Now to call this place a ‘camp site’ is rather a misnomer – it’s a 5-star holiday park, doesn’t accept tents and is way over my normal budget, but trying to find somewhere open at this time of year in the right place and with availability at short notice had been like looking for the proverbial needle in the equally proverbial haystack. My options had been limited but this site ticked all the boxes in many ways; I could live with the expensive cost just for a couple of nights so my large mpv became a ‘small campervan’ and I’d booked a serviced pitch for a 2-night stay.
Booking in at reception I was given a site map and a barrier pass then a very helpful young lady showed me to my pitch, which turned out to be in a small section of the lower part of the site and directly overlooking the sea, and with only one unoccupied caravan in the corner I had that section to myself. Living in the van meant that things had to be kept to a minimum so it didn’t take long to get sorted out and after a quick dog walk round the site I was soon settled in for the evening.
The only downside to the site was the railway line to Holyhead running below it and the very busy A55 running behind it, but train noise was virtually non-existent and once I was settled in the van I couldn’t hear any traffic noise at all. After a very grey start to the day the sun had appeared at lunch time and the rest of the afternoon had been lovely so I kept my fingers metaphorically crossed that the next couple of days would be just as nice.
Another year has drawn to a close and it’s time for me to look back on some of the things which have featured in my life and on this blog over the last twelve months, though in some ways 2021 has been rather an uneventful year so this time I’m concentrating more on the places I’ve been to.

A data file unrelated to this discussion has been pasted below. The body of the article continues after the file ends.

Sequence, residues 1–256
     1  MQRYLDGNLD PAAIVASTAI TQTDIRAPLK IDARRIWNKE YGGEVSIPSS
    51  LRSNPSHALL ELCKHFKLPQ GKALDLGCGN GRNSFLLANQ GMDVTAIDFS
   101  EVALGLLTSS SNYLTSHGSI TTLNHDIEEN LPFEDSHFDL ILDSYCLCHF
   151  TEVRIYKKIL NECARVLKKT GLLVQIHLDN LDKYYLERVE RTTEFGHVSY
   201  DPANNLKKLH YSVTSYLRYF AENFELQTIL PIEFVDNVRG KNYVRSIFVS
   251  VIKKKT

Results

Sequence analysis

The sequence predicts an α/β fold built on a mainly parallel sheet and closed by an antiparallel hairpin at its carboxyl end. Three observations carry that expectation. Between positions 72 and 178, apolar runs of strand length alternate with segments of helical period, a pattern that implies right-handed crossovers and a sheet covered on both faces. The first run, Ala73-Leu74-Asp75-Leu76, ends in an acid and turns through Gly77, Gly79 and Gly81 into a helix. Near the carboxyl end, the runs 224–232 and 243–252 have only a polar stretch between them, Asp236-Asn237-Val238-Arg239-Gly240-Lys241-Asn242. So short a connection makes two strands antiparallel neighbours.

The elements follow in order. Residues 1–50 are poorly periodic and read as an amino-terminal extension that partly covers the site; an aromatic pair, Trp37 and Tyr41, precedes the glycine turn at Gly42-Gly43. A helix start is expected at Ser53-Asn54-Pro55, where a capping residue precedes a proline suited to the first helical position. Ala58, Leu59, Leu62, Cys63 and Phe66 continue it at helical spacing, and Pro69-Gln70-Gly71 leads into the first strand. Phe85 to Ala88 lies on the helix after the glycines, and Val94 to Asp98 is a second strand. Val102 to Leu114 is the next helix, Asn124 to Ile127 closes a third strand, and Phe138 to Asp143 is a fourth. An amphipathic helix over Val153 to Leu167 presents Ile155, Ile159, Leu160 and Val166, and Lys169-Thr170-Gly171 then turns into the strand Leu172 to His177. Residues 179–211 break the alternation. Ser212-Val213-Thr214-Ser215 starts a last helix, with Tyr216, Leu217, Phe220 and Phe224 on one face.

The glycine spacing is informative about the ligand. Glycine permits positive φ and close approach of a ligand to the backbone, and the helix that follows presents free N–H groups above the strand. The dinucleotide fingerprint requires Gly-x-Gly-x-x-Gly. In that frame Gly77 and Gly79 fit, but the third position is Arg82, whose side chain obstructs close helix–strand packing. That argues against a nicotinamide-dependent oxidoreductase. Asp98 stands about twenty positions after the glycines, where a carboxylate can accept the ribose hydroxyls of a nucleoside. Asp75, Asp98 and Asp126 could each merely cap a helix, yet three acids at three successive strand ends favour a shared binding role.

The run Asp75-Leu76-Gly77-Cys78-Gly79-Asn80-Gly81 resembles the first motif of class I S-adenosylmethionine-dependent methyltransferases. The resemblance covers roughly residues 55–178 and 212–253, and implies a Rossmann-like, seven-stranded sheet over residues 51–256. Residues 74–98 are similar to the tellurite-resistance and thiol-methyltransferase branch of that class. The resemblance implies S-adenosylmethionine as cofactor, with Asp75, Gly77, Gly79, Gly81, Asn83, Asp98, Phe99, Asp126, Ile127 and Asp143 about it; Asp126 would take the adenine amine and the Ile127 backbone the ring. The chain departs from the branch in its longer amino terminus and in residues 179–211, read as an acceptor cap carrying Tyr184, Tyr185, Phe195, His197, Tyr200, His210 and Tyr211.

The beginning of January brought just enough snow to make things look pretty and my first walk of the year gave me the sighting of a heron at the hidden lake in the grounds of Smithills Hall and the llamas at the nearby open farm. More snow fell later in the month and during a walk through a local quarry and fields not far from home I was drenched from head to foot in a wave of slushy snow and water when a 4 x 4 driver deliberately drove at speed through a huge puddle at the side of the road. Only a mile from home I could quite easily have gone back to get changed but I decided to carry on and the climb up through the quarry and brisk walk through the fields stopped me from getting cold.
Early February brought a couple more light overnight snow falls and the 9th was the first anniversary of losing sweet little Sophie so in her memory I took the dogs for a snowy walk round the Belmont area, a walk which Sophie had done with me several times over the years. In one of the fields I met a sheep with extremely curly horns and found that the Blue Lake was almost completely frozen over with ice and snow. The following day I took a walk round the Jumbles Reservoir and got some more lovely snowy photos.